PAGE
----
Pilate was the local governor or Judea. A Roman citizen and solider who had been appointed by the current Caesar, Tiberius, about the time of Jesus trial and death. He alone had the power to sign death warrants in Judea, and he signed quite a lot of them. However, what we do know is that he could not afford another rebellion in Judea and the Gospels suggest that this was the reason he was pressured into allowing the Jewish leaders to put Jesus to death.
Pilate is portrayed in John’s Gospel as believing Jesus (to an extent) but we don’t have records of his real thoughts about him. Chances are he was just trying to appease a mob and save his own skin. It didn’t work as Tiberius died (read ‘was poisoned’) and was replaced by Caligula as Caesar and things went downhill for Pilate anyway!
Perhaps most famously (and probably entirely fictionally) is the image of Pilate ‘washing his hands’ of the blood of Jesus, being unwilling to put to death someone he saw as an innocent man but unable to stop it for fear of his own life. You find this image again and again in books today; just wait until you do Macbeth in English!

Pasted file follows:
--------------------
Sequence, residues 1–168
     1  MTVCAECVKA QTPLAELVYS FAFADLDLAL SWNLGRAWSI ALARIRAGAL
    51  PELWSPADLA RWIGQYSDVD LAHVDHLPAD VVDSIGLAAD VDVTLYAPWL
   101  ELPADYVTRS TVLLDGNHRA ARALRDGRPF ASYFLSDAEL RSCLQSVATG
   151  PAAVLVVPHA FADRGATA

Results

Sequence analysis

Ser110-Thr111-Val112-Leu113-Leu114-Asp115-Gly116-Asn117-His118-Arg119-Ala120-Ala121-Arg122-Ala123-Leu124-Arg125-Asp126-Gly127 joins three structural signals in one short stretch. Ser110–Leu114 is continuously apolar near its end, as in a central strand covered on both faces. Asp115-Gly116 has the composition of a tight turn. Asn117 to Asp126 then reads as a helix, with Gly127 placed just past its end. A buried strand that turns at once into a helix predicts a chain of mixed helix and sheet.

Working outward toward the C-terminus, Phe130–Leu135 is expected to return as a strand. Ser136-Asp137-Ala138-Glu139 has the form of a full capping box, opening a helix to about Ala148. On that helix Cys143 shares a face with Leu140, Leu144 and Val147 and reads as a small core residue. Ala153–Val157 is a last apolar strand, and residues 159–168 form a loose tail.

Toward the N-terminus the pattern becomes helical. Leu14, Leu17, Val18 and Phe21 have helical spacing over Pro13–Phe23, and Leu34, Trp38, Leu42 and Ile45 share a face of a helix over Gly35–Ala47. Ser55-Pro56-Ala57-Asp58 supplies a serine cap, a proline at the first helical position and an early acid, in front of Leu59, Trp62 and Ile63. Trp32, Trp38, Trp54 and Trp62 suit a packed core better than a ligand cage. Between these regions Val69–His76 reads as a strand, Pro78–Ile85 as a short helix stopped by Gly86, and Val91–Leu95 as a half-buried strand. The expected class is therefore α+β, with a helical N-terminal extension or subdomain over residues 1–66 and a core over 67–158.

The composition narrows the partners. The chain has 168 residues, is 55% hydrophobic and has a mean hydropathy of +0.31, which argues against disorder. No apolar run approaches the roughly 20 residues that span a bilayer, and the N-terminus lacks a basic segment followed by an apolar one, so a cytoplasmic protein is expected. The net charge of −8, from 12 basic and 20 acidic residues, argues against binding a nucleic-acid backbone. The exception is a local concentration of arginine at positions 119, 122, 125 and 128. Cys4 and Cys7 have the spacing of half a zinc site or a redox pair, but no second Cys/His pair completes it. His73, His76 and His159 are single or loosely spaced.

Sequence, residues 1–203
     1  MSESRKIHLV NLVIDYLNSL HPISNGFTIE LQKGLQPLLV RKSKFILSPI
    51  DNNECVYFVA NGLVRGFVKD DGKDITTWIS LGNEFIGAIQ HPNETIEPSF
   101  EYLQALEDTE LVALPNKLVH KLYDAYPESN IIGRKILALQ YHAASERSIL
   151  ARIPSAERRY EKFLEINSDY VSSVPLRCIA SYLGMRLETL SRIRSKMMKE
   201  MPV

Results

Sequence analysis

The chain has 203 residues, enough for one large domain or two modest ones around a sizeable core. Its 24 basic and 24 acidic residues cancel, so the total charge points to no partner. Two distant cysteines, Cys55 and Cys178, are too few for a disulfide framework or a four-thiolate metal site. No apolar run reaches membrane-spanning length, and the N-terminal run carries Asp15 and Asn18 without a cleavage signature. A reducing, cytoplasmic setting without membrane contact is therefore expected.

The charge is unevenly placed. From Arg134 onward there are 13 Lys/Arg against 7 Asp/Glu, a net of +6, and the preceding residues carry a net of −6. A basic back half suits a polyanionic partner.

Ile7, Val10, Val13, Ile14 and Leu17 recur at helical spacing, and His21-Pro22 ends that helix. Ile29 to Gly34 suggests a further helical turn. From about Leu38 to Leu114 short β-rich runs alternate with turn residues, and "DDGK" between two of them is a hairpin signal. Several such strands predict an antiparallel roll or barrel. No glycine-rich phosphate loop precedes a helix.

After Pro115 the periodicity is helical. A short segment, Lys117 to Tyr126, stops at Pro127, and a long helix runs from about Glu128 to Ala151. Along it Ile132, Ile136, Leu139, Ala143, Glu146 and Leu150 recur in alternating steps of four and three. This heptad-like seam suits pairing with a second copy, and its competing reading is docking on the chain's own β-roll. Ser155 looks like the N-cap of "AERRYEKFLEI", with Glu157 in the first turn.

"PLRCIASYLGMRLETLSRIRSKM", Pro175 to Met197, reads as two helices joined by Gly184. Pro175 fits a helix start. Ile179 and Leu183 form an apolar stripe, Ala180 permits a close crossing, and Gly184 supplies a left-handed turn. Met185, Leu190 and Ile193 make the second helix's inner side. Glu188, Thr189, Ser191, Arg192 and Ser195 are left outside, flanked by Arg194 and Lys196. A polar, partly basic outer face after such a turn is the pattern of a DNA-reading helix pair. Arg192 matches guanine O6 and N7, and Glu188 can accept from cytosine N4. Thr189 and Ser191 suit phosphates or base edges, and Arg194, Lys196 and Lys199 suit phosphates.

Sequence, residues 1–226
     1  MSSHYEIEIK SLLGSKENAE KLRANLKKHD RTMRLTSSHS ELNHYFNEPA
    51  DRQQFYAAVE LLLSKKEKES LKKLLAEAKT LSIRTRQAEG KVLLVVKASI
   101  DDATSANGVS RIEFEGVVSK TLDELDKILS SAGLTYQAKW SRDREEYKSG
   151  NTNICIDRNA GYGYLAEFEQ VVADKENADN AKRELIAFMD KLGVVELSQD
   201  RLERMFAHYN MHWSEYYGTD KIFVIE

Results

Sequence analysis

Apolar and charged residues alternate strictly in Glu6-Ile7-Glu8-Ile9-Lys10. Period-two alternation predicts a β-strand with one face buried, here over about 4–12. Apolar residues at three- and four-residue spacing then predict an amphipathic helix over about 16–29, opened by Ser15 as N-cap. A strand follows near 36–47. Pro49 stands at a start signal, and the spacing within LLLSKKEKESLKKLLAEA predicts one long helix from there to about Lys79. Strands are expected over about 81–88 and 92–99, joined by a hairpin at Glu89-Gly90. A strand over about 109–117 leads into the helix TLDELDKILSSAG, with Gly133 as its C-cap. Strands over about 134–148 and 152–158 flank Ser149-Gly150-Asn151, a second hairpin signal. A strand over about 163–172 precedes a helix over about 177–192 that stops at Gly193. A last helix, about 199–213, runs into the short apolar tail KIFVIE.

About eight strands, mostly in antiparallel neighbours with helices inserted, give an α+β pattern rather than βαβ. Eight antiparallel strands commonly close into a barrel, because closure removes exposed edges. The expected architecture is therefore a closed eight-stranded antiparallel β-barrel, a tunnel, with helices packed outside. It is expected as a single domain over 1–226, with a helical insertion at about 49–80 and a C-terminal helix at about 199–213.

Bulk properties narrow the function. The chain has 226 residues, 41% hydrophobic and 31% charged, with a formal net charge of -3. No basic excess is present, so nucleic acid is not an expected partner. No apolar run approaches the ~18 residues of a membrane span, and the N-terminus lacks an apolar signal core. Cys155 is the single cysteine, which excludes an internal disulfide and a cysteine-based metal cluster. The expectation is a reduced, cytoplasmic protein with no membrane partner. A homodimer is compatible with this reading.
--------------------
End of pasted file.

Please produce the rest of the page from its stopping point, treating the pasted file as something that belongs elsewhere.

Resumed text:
During the Roman occupation there were many laws that the Jewish people did not like. The Romans were Pagans and Polytheists (believing in lots of gods). Often their laws demanded that sacrifices were made to other gods or that slaves (like the Jews) served in the army in the service of other gods. Many Jews did not like this however one particular group formed who really didn’t like it – they were known as the zealots.
One or two of Jesus’ disciples were members of the zealots, certainly Simon the Zealot (hence the name!) and possibly Judas Iscariot as well, though this is not known. They wanted the Romans out of Judea and often used violent or unpleasant means to get what they wanted (not that they ever did!).
Some have suggested that Judas Iscariot might have betrayed Jesus when he worked out that he was not going to be a powerful warrior king who would defeat the Romans in a big military battle. Judas saw Jesus performing miracles and using the power of God to help the Jewish people and though he could smash the Roman army. But when Jesus rode into Jerusalem on the back of donkey, rather than a war-horse, he may have decided to get rid of him to make way for a more powerful leader.